Simply: no, Catholics do not believe in a literal interpretation of the Bible.

As referenced in the Catechism earlier, the Church warns against using a literal interpretation of the Bible due to the variety of genres presented in the Bible. If using a literal translation, this leads to the previously explored issue of historical and scientific truths against the Bible and simply circles back to the same issues many people have with the Bible and Christianity today. Plus, it’s irresponsible to use literal translations for allegorical pieces, anyway.

Other Resources:
1. “Sacred Scripture,” Catechism of the Catholic Church

Does the Catholic Church add its own beliefs on top of the Bible?

Actually, the Church considers Tradition alongside Sacred Scripture to expound upon Revelation from God. This means that the Church doesn’t add its own beliefs to the Bible, but with the guidance of the Holy Spirit further explains and explores doctrine directly revealed from God.

“New beliefs are not invented, but obscurities and misunderstandings regarding the deposit of faith are cleared up.”

Can Dogma Develop?, Catholic Answers

I touch upon Oral Tradition and Written Tradition in this post and in The Beginner’s Guide to Catholicism. It’s simply fact that oral history has just as much weight as written, if not more so at many points. If you consider Sacred Scripture without Sacred Tradition, that leaves plenty of “holes” in the Bible that otherwise cannot be filled or explained. Again, this leads to that circular reasoning that leaves a bad taste in everyone’s mouth, so Sacred Tradition truly is essential alongside Sacred Scripture!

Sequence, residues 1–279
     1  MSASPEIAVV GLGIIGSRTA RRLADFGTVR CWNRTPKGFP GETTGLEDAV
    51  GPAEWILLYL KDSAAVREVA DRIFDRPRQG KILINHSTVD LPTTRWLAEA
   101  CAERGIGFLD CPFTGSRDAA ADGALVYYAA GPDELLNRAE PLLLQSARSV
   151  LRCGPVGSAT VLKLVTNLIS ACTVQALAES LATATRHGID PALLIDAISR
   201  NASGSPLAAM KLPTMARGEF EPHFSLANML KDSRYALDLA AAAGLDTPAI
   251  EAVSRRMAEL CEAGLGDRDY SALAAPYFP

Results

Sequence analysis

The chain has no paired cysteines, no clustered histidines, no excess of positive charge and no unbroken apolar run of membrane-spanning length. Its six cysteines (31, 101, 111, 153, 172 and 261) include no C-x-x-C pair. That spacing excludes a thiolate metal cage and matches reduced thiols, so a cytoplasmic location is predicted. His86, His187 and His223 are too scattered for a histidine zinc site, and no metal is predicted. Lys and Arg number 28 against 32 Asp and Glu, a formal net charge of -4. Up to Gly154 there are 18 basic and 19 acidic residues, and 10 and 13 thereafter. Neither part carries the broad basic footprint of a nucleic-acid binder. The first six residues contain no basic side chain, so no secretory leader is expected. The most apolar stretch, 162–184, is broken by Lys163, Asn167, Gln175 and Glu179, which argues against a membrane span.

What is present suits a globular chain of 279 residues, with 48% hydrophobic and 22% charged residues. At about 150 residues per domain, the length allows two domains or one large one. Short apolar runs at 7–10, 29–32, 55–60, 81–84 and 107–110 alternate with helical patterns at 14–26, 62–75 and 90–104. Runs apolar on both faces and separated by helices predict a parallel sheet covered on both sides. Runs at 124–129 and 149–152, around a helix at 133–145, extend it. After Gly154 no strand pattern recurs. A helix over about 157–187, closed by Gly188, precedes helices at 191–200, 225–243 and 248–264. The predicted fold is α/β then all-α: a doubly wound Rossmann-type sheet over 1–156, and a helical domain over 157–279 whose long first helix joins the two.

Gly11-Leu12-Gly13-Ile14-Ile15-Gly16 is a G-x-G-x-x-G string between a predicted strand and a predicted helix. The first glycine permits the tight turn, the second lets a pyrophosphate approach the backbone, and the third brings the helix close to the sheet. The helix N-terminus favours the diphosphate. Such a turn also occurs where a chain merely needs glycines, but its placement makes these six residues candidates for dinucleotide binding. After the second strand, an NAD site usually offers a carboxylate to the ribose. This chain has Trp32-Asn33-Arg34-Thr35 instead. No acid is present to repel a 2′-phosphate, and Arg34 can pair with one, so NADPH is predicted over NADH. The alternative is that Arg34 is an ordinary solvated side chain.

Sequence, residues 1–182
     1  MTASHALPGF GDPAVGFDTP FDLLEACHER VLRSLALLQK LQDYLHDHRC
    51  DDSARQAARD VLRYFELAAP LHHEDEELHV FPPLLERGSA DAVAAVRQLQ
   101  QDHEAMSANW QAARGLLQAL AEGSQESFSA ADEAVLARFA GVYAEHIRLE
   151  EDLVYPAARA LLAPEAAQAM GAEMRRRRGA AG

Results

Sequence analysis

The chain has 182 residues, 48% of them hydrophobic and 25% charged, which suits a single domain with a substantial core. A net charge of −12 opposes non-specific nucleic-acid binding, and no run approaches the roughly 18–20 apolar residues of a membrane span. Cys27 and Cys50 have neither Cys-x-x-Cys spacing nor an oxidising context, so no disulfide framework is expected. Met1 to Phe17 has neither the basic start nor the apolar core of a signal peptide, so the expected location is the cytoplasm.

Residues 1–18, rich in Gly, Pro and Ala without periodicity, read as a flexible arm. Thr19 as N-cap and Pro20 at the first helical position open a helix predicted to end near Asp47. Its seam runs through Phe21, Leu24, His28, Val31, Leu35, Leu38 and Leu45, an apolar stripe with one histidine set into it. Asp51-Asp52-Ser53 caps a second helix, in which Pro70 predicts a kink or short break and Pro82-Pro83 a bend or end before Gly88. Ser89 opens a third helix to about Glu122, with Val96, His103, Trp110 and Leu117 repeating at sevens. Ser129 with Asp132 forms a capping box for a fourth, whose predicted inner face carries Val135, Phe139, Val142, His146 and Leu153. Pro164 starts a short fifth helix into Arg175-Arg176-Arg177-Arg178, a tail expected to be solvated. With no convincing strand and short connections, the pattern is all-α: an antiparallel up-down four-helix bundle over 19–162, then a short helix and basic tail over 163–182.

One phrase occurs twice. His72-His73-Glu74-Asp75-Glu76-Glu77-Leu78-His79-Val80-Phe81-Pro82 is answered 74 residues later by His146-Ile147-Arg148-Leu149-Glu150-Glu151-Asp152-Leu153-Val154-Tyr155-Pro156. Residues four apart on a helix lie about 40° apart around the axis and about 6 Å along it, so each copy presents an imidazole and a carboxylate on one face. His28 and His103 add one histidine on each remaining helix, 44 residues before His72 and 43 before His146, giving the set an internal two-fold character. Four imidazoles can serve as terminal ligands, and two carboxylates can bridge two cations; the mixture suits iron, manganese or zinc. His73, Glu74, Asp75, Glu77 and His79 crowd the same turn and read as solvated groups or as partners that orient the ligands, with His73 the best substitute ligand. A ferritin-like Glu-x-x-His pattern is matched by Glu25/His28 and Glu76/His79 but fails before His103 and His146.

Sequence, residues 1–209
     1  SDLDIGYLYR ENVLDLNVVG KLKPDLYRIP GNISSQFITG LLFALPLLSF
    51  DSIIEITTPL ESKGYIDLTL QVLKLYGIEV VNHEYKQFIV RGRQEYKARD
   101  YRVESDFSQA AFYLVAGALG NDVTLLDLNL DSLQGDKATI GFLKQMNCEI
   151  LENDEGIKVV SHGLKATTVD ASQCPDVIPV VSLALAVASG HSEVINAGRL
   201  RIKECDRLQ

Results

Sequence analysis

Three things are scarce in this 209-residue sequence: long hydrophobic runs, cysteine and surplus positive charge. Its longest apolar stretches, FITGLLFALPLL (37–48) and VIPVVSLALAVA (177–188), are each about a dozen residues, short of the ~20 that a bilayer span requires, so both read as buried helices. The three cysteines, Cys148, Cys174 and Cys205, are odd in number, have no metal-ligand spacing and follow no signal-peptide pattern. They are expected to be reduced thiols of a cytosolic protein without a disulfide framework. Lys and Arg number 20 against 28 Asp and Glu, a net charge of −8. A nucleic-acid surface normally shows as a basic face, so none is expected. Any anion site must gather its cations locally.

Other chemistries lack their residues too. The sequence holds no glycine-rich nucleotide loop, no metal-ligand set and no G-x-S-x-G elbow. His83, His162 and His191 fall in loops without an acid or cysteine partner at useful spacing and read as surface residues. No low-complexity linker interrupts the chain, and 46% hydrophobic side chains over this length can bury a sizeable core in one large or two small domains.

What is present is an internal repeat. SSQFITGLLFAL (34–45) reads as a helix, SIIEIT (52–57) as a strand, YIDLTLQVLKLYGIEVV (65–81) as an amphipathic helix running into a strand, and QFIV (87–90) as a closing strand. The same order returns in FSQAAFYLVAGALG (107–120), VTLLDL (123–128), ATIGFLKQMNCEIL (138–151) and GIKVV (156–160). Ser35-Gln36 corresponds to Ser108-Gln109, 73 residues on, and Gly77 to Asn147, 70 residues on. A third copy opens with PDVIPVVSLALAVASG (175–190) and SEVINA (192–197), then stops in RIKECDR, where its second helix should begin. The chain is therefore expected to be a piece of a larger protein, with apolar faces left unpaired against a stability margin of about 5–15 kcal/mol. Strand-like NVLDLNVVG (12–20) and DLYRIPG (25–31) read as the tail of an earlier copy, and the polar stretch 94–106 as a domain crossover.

Other Resources:
1. Dei Verbum (Word of God), Pope Paul VI
2. Scripture and Tradition, Catholic Answers
3. What Exactly Does the Church Mean by Tradition?, Catholic Answers
4. Tradition and Living Magisterium, Catholic Answers

The Last Thing You Need to Know about Sacred Scripture

The Bible is a big ol’ book with a ton to digest. But, Catholics do actually read it frequently! When you’re ready to get started in Sacred Scripture yourself, take it slow, but dive in now. The only way to get started is to get started!

If you’re already Catholic, should you attend a non-Catholic Bible study? The short answer is no. Contact your parish to see if there are any Bible studies going on, and if there aren’t, let your priest know – I can guarantee there are others interested in having a Catholic Bible study they can attend at their own church! Maybe you could lead your church’s Bible study? 🙂

Need help finding a good Bible? Here’s a list of the best Catholic study Bibles.

Maybe something in particular caught your eye in this post and you’d like to know more. Let me know below in the comments! We’ll be exploring plenty about Sacred Scripture, so I probably already have another post in mind to further explore questions you may have.